President Trump would probably win the New Hampshire primary if it were held today. But at least one Republican who is considering running against Trump in 2020 could make it a close call, according to new polling data shared Monday with BuzzFeed News.
American Research Group found Gov. John Kasich of Ohio trailing Trump in a two-way race, 42% to 48%, among likely Republican primary voters, with 9% undecided. Trump leads another possible rival, Sen. Jeff Flake of Arizona, 49% to 33%, with 18% undecided.
The results come ahead of Kasich’s third visit to the nation’s first primary state since ending his 2016 bid for president. He will speak Tuesday evening at New England College in Henniker. Flake, who is retiring from the Senate this year, made a trip to the state last month.
In 2016, polling analysts at FiveThirtyEight graded the New Hampshire–based ARG a C+, based on accuracy and methodology. But the firm correctly forecast Trump, Kasich, and Texas Sen. Ted Cruz as the first-, second-, and third-place finishers in that year’s New Hampshire primary, respectively, missing Trump’s and Cruz’s vote shares by roughly 2 percentage points and Kasich’s by 1.
ARG interviewed 1,365 likely voters — 420 Republicans, 400 Democrats, and 545 undeclared — on landlines and cell phones March 21–27. The Democratic sampling, like the GOP results, has a 5-point margin of error. The general election sampling has a 3-point margin of error.
While the primary is nearly two years away, Flake and Kasich already are showing New Hampshire the kind of attention typical from someone weighing a White House run. Both are frequent Trump critics, and neither has ruled out challenging Trump for the nomination.
Trump’s lead over Kasich in the ARG poll is just outside the 5-point margin of error, but such a showing could be tight enough to weaken his reelection bid. Pat Buchanan’s relatively strong second-place finish in the 1992 New Hampshire GOP primary was an early sign of trouble for then-president George H.W. Bush, who won the nomination but lost in the fall.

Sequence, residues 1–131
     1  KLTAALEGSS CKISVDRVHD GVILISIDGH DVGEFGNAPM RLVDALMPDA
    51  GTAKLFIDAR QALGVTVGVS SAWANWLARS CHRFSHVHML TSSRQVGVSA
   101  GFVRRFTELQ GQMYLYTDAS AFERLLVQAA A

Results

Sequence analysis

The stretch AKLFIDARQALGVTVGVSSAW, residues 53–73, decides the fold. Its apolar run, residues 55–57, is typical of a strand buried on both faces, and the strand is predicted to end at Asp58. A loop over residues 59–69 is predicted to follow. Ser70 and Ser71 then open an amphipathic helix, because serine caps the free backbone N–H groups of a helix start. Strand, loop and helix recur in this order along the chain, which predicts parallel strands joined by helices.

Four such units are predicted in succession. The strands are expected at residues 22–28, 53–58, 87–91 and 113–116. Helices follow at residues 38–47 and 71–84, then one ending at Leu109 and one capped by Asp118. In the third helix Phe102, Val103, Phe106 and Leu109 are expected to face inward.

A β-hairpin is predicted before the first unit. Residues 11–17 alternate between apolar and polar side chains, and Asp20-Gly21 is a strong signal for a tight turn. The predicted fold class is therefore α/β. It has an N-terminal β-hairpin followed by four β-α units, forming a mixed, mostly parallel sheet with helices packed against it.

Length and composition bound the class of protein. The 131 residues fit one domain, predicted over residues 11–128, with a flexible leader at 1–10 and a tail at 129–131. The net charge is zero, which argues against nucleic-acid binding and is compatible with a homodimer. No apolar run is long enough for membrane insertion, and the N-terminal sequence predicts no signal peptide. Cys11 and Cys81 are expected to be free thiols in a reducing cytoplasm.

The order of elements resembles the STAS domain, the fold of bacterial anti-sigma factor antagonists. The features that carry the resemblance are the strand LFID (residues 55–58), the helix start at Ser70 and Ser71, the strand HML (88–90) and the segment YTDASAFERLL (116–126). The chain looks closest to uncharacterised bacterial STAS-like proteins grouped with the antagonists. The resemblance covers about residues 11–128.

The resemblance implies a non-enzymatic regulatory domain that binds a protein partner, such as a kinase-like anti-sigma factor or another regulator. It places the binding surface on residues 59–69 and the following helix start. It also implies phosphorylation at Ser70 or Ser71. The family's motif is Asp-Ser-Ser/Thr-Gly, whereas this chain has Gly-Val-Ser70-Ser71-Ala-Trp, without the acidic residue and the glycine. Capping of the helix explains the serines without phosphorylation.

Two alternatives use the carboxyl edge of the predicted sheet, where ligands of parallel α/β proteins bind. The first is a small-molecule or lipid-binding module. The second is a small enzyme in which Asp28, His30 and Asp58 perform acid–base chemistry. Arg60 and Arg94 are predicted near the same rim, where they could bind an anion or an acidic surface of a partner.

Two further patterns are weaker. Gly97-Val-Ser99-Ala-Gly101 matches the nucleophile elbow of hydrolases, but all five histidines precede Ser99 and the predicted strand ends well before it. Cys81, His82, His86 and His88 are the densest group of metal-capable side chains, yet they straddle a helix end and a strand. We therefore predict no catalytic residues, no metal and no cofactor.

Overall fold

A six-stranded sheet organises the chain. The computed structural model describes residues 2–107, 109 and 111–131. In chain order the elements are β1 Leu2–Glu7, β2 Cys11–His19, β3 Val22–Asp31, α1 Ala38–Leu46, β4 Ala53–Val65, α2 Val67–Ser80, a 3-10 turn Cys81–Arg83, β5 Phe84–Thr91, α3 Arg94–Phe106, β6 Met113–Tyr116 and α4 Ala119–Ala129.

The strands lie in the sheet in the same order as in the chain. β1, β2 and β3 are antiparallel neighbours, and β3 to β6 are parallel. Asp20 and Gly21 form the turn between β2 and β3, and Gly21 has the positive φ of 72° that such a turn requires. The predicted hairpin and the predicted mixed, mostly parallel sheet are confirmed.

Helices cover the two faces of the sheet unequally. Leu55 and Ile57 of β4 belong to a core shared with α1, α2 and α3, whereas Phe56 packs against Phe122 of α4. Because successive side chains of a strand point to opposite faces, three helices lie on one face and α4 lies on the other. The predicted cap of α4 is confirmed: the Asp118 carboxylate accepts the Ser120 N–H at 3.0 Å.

“At the moment, Trump has not won over the hearts and minds of enough Republicans (who say they will vote in the primary) to have a large enough lead to scare away any serious contenders,” ARG’s Dick Bennett told BuzzFeed News in an email. “Trump is doing better than when he called New Hampshire a ‘drug-infested den,’ but not much better.”
The more anti-Trump challengers in New Hampshire, the easier the path for Trump. In a hypothetical primary where Flake and Kasich both run, Trumps leads the three-way field with 51%, followed by Kasich at 34%, and Flake at 4%, with 11% undecided.
“Some of the Flake and Kasich vote is solely anti-Trump, which is not surprising,” Bennett said.
Trump has signaled plans to seek a second term, which he’s been raising money for since his inauguration last year. He tapped a reelection campaign manager last month, and he and Vice President Mike Pence have made separate appearances in New Hampshire in recent weeks. But ARG also tested a GOP primary without Trump: a four-way field led by Kasich at 36%, followed by Flake (11%), Cruz (7%) and Arkansas Sen. Tom Cotton (5%). Without Trump as a choice in this scenario, a plurality of voters surveyed — 41% — were undecided. (It's hard to predict what a Trump-free Republican primary would look like in 2020, but it would likely be crowded.)
ARG also polled on several Democratic presidential prospects, but rather than sift through a huge and undetermined field of potential hopefuls, the firm looked at two one-on-one races involving former vice president Joe Biden. In these matchups, Biden leads Massachusetts Sen. Elizabeth Warren, 58% to 33%, and edges Vermont Sen. Bernie Sanders, 47% to 45%.
In a general election, Trump leads Warren (50% to 42%) and Sanders (49% to 45%), while Biden leads Trump (53% to 39%). Kasich, the only other hypothetical GOP nominee measured against a Democrat, leads Warren (52% to 37%) and slightly trails Biden (45% to 46%).
“The Kasich ballot against Biden confirms Trump’s weakness not only against Biden in the general but also in the primary,” Bennett said. “Trump has to hope for an opponent who is disliked more than he is disliked — this holds as well in the primary.”